Under old English common law, the right to a writ of error (i.e. to appeal) existed only for civil cases and misdemeanors, while the right to counsel at trial existed for petty but not serious crimes. Blackstone railed against such perverse priorities, and the colonies generally provided for writs of error and trial court counsel for all crimes. Blackstone, Commentaries On The Law Of England, III at 406-11, IV at 355, 392 n.11 (N.Y. Ed. 1844). See also Powell v. Alabama , 287 U.S. 45, 60-62 (1932). Of the original 13 states, only Georgia entered the union with no criminal right to appeal, and not until 1845 did Georgia have a higher court to appeal to. History of the [Georgia] Court of Appeals. Georgia's current right of appeal statute refers back to 1863. See Were There no Appeal: The History of Review in American Criminal Courts, Journal of Criminal Law and Criminology, Vol. 81 (Fall 1990), by David Rossman. (In passing the Fourteenth Amendment in 1868, Congress had Georgia on its mind.)
There is no meaningful distinction between a rule which would deny the poor the right to defend themselves in a trial court and one which effectively denies the poor an adequate appellate review accorded to all who have money enough to pay the costs in advance. It is true that a State is not required by the Federal Constitution to provide appellate courts or a right to appellate review at all. See, e.g., McKane . But that is not to say that a State that does grant appellate review can do so in a way that discriminates against some convicted defendants on account of their poverty. [Plurality]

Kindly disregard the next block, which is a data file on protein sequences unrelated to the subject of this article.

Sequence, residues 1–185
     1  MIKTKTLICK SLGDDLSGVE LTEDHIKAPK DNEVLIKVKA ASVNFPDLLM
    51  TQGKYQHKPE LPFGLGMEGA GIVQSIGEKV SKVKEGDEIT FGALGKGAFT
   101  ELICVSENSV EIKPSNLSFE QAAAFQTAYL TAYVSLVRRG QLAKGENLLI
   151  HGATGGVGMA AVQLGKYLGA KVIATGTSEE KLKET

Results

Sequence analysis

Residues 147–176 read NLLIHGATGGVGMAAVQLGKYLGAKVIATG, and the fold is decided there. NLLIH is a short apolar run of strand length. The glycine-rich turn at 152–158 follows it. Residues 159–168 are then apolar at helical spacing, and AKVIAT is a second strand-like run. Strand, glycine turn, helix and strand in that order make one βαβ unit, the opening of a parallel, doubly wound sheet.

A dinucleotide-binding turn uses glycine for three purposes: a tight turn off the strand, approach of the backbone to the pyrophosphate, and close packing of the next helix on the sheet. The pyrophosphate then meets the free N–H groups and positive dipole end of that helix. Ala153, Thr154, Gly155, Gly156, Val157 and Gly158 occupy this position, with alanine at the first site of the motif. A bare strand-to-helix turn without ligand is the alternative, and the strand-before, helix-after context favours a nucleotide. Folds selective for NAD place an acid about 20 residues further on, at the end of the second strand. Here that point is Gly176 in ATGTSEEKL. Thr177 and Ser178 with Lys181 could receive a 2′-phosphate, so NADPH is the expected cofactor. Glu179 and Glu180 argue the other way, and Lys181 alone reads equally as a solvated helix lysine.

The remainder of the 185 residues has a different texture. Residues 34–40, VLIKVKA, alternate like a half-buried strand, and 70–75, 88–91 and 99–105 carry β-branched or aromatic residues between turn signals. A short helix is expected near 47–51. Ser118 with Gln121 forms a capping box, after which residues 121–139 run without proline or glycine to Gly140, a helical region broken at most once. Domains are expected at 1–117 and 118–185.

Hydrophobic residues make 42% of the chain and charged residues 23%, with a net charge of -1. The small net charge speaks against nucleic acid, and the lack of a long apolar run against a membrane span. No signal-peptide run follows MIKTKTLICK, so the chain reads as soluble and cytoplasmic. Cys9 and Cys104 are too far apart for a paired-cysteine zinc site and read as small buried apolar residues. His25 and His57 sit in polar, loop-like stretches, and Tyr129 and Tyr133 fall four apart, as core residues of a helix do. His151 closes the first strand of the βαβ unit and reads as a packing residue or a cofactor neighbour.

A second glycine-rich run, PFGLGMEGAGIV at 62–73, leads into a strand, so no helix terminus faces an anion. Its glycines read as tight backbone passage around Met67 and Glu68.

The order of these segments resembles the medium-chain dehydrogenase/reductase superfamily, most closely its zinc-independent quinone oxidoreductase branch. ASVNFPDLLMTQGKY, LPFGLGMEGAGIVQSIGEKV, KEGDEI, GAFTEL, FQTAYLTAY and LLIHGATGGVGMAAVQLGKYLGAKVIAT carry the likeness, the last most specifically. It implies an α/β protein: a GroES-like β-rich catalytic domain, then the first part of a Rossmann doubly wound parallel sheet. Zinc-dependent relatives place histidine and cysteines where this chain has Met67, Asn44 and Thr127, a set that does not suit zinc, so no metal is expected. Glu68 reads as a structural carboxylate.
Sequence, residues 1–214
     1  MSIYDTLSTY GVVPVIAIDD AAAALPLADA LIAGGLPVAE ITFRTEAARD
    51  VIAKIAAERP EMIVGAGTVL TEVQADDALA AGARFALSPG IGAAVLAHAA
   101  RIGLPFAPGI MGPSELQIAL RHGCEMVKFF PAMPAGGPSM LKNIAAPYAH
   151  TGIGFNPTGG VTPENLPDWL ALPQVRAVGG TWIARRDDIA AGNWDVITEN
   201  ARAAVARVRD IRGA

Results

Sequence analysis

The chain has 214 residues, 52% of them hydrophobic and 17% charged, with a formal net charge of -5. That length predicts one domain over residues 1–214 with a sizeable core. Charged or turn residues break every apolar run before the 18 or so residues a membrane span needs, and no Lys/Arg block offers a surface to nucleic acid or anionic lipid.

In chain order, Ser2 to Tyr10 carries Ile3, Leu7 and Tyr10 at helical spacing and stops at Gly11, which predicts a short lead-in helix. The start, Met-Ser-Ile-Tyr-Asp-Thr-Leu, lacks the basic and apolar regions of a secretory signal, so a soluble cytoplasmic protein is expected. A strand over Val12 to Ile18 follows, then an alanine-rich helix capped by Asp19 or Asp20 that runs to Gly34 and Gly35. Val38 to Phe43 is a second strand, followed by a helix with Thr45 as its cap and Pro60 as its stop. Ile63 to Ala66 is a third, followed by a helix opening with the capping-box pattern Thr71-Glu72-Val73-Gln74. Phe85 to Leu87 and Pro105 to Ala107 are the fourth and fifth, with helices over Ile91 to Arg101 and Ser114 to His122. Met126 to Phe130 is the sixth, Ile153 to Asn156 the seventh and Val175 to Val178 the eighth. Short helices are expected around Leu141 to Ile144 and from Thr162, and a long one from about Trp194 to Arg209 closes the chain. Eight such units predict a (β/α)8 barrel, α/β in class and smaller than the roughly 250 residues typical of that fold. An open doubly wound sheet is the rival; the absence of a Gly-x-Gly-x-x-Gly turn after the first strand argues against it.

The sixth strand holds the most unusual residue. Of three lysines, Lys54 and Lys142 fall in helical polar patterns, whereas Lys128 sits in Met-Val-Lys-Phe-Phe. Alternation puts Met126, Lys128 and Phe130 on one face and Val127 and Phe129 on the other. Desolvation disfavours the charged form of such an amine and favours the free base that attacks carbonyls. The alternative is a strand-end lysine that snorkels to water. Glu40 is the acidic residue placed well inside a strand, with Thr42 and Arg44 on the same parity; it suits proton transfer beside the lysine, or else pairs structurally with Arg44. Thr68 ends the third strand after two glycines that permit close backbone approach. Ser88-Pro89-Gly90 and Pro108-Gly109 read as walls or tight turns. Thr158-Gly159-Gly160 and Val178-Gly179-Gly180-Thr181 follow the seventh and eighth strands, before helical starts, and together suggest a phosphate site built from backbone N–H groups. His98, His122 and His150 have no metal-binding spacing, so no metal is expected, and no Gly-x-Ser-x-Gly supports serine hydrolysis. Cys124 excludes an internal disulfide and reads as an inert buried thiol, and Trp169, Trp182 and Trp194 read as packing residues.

Nor does the equal protection of the laws deny a State the right to make classifications in law  rooted in reason . . . Since capital offenses are sui generis, a State may take account of the irrevocability of death by allowing appeals in capital cases and not in others. Again, 'the right of appeal may be accorded by the State to the accused upon such terms as in its wisdom may be deemed proper.' McKane. . . [Frankfurter conc.]
Illinois . . . could thus deny an appeal altogether in a criminal case without denying due process of law. McKane . To allow an appeal at all, but with some difference among convicted persons as to the terms upon which an appeal is exercised does not deny due process. It may present a question of equal protection. [Joint Dissent]
 Trial rights (to a speedy trial by a jury, to confrontation, etc.) are guaranteed by the Sixth Amendment, which applies to the states per the Fourteenth Amendment. See: Powell v. Alabama, 287 U.S. 45 (1932); Gideon v. Wainwright, 372 U.S. 335 (1963).
 Were There no Appeal: The History of Review in American Criminal Courts , supra, n.5, at 566, by David Rossman.